Since a new licensing Order came into force in October 2018 mandatory HMO licensing applies to buildings of any number of storeys occupied by five or more tenants in two or more households
Except purpose-built flats in a block of more than 2 self-contained flats and whole building licensing of section 257 HMOs (although any individually occupied flat will be licensable with 5 or more persons)
Both of the exceptions above can be licensed where an individual local authority so decides by way of an Additional Licensing scheme.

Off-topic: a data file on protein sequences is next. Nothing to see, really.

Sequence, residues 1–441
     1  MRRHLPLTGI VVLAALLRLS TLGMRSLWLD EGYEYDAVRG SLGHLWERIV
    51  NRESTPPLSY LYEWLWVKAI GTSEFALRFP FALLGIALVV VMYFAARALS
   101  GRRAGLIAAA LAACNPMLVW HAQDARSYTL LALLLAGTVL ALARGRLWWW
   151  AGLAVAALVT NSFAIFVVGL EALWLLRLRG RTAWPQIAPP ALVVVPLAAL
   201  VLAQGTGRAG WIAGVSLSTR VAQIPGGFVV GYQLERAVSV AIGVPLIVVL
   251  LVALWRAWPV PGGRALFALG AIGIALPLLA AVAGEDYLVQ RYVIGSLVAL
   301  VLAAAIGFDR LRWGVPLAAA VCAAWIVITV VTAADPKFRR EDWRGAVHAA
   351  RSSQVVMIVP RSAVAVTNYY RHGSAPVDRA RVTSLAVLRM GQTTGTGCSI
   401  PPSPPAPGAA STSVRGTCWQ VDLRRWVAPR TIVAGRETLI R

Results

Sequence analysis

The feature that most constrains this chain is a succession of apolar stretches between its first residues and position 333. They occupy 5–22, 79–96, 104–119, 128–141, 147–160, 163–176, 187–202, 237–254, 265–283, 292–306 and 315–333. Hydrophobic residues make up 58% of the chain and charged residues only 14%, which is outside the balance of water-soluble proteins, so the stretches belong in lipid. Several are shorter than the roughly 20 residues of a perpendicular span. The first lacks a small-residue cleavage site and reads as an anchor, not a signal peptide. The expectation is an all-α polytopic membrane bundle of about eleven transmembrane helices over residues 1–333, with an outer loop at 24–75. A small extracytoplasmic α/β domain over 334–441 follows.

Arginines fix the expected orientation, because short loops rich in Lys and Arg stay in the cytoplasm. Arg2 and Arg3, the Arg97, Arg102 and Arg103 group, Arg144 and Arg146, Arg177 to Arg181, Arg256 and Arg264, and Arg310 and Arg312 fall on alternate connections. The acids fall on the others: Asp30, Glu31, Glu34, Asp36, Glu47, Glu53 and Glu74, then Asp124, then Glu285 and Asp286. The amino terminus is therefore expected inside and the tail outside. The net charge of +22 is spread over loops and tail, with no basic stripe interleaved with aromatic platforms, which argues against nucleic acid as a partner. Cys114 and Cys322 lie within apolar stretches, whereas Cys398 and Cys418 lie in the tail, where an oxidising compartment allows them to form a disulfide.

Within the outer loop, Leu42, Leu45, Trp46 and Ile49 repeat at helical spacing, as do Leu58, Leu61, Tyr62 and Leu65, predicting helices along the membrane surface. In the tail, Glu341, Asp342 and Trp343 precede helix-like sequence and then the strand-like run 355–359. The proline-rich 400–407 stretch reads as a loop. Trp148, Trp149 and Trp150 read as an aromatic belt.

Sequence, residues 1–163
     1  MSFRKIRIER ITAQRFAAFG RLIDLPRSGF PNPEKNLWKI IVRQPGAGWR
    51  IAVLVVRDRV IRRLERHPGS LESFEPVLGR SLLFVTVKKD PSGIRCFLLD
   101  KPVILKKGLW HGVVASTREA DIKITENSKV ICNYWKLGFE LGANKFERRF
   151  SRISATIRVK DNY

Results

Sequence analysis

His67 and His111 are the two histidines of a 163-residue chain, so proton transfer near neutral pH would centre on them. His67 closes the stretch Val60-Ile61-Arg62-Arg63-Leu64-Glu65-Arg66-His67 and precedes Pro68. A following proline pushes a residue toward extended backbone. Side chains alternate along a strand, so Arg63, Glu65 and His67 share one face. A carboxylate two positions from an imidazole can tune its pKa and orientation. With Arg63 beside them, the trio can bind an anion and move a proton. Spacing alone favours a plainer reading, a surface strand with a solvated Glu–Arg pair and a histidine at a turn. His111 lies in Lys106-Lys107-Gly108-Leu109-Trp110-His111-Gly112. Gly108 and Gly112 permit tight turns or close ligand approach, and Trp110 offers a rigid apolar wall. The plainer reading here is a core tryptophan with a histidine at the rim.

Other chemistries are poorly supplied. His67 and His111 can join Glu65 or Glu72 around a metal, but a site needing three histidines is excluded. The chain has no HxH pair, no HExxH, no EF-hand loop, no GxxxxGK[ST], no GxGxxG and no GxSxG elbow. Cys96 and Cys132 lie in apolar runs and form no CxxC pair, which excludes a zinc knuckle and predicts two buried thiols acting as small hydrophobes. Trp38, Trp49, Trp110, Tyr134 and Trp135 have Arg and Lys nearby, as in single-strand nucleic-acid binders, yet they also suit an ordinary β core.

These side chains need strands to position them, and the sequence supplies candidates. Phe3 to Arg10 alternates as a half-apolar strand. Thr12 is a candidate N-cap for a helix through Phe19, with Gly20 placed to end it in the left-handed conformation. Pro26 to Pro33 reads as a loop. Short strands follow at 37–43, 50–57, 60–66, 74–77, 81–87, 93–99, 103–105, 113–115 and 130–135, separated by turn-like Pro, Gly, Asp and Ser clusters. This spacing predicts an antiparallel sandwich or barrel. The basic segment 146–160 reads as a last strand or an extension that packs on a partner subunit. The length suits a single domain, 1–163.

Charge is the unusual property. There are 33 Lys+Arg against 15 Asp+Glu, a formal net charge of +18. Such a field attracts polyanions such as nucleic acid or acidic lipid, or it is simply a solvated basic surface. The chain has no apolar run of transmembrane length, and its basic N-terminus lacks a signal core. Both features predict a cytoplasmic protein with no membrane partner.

Some properties may be used partly as residential use and partly as something else – a conference facility, a workshop or food outlet for example.
If a local council is satisfied that a property is primarily used as the main residence of tenants and the other use is additional to this, they may classify it as an HMO and it may need a licence.
Another example of this would include a house used in the summer for a holiday let, but for the rest of the year the house is let to tenants.
Where there is doubt or dispute about a building’s definition as an HMO, the Housing Act 2004 provides for a building or part of a building to be declared, by the service of a notice, to be an HMO by a local authority. Thereafter to be treated as such.
This notice is appealable to the First-Tier Tribunal (Property Chamber – Residential Property).